Achieve your dreams with micro-commitments

If you were building a checklist of the things you wanted to accomplish in the next 10 minutes it would probably look like this:

   [] Finish reading this article I just started reading

…and that would be it. One and done.

For most of us, doing something like reading an article is a single action, a single event. But it isn’t really. In truth, it’s a series of actions chained together, beginning with you opening your eyes and allowing the light reflecting off the screen to reach your retina where an electric impulse travels along your optic nerve to your brain where the resulting shapes are decoded into symbols which you connect to your stored knowledge, putting sounds and/or meanings to those symbols, linking each word together into a (hopefully) coherent thought.

Or something like that.

The point is that every action we take has smaller component steps, many so small or automatic that we don’t even think of them as being steps in the process. But they are and they’re all important if you want to complete the action. We make a similar mistake when we think about goal-setting. We think of a goal and then create a list of steps to reach that goal, but often don’t go deep enough when we break out our steps to success.

For example, if your goal was to lose 15 pounds, your checklist might look like this:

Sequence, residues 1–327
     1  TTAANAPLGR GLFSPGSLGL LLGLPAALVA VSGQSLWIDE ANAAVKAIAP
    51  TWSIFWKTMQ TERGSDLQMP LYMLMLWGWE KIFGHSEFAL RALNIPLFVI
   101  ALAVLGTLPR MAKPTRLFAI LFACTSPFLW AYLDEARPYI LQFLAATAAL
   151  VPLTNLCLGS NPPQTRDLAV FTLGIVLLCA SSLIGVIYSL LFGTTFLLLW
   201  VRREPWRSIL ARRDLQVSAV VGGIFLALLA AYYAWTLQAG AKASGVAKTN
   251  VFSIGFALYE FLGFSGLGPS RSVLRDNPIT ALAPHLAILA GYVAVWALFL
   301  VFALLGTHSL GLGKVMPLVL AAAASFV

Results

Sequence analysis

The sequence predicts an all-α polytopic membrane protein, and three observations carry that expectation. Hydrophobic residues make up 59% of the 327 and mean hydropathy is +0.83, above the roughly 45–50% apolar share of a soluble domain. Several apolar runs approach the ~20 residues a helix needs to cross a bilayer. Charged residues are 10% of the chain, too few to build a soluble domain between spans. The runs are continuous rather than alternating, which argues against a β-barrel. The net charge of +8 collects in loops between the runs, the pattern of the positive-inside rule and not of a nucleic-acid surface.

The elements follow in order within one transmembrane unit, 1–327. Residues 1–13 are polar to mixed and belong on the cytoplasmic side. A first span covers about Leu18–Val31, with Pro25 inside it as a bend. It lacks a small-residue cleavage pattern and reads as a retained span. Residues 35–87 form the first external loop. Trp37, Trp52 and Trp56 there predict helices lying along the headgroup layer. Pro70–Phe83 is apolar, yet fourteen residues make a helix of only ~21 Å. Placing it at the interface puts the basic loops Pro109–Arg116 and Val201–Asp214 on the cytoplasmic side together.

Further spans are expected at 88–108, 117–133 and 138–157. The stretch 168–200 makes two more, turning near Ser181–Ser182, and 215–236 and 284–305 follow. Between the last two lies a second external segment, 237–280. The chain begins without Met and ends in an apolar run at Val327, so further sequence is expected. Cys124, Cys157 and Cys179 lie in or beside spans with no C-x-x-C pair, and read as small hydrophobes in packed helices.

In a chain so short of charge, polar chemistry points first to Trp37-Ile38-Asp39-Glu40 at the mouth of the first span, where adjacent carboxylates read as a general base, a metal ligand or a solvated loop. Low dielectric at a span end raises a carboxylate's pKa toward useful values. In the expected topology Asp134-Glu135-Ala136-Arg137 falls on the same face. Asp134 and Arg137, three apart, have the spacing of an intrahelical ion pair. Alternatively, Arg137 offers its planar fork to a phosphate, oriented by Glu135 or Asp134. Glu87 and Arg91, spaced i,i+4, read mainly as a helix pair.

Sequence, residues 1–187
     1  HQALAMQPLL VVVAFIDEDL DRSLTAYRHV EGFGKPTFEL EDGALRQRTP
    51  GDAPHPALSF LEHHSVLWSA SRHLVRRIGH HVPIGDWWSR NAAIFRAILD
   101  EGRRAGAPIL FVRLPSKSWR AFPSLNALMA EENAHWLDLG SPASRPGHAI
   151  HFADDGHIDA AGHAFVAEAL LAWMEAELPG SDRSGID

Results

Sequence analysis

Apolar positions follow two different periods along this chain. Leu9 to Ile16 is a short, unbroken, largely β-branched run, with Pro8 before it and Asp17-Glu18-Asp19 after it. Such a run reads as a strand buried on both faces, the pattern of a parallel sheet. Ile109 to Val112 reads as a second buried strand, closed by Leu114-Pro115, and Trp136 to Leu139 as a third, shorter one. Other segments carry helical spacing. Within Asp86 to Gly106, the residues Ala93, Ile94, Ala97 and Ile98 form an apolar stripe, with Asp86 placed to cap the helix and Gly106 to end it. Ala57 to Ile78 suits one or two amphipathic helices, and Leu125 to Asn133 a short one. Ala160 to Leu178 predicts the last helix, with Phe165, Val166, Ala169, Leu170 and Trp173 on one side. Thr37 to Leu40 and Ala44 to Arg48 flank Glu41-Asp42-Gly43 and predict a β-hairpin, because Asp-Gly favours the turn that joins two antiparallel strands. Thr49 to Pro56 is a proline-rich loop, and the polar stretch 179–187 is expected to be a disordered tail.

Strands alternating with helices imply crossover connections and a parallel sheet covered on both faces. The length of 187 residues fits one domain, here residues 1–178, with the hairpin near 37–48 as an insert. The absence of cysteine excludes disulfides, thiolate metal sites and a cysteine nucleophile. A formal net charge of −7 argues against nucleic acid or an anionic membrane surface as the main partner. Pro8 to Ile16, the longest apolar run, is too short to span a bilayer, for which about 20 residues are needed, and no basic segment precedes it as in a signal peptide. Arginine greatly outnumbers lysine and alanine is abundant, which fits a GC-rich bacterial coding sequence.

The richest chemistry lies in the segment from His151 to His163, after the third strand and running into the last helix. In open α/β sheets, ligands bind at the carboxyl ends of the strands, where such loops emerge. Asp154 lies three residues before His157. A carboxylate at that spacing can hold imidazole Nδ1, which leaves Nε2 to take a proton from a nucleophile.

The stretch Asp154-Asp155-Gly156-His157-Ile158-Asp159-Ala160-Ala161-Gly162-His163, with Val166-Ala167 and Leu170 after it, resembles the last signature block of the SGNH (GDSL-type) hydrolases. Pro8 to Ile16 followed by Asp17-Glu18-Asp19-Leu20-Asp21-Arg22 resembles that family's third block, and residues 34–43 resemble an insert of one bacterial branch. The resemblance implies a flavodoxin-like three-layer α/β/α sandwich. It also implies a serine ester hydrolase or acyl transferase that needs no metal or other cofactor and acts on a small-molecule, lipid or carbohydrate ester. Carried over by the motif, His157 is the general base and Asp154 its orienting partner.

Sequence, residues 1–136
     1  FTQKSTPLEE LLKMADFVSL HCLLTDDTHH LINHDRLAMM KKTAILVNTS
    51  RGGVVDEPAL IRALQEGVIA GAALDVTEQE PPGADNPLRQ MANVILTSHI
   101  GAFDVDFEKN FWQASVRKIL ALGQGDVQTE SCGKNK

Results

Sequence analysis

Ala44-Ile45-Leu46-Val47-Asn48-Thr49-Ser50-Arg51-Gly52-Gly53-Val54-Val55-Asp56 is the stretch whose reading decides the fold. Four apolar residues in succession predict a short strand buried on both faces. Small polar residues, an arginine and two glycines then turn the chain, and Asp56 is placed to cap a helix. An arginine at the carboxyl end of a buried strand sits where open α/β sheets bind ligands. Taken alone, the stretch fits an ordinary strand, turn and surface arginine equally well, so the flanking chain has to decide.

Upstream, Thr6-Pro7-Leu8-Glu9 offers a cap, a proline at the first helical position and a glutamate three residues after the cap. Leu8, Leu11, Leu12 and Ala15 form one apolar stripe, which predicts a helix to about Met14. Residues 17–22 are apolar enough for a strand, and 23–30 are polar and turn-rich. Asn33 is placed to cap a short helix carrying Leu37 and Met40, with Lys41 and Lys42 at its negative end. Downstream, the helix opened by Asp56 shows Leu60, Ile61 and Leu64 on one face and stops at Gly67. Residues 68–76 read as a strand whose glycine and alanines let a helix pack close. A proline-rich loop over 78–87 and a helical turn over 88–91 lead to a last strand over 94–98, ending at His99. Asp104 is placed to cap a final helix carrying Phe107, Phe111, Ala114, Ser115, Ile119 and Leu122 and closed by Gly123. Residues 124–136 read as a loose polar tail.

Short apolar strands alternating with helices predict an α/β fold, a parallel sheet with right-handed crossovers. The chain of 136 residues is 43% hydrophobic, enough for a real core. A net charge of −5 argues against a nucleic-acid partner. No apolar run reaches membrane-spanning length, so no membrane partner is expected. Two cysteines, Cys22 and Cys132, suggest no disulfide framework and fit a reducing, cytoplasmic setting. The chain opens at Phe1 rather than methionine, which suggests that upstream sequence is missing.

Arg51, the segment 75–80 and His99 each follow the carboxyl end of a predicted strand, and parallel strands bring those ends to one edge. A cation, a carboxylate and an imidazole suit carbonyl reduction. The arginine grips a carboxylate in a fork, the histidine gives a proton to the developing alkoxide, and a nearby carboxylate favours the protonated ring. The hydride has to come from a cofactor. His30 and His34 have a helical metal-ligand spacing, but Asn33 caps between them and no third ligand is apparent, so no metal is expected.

[] Eat less

   [] Exercise more

Boom. Simple. But probably a little too simple. How do you plan to eat less? How do you plan to exercise more?

You don’t necessarily want to get ultra-bogged down in the minor details, but there’s a lot of value in the process of making micro-commitments – small, achievable pledges that drive you toward your overarching goal. So rather than saying “I will lose 15 pounds!” and then becoming increasingly distressed when it doesn’t happen as quickly as you’d like, you make that 15 pound drop your goal and then support it with a series of micro-commitments. Commit to researching personal trainers. Commit to picking a gym. Commit to going for jog as soon as you finish this blog post.

You don’t have to lay out all of your micro-commitments end-to-end from now until they touch your goal. In fact, it’s better to take it one commitment at a time. Think it as moving across a busy ten lane highway. Your goal is to get from far left to far right, but there are too many moving pieces to make an effective plan before you’ve even started. So it’s better (and infinitely safer) to approach your goal one lane change at a time.

It works the same for financial goals. Think of what you want to accomplish. Think of the steps you’ll take to get there. Then think of the little pledges each of those steps requires to be completed. Rather than committing to the end result, simply commit to the next step, and then the next, and on and on. Fulfilled commitment by fulfilled commitment, you eventually reach your goal.

Now, on to the next box on your checklist!

Jesse Campbell is the Content Manager at MMI. All typos are a stylistic choice, honest.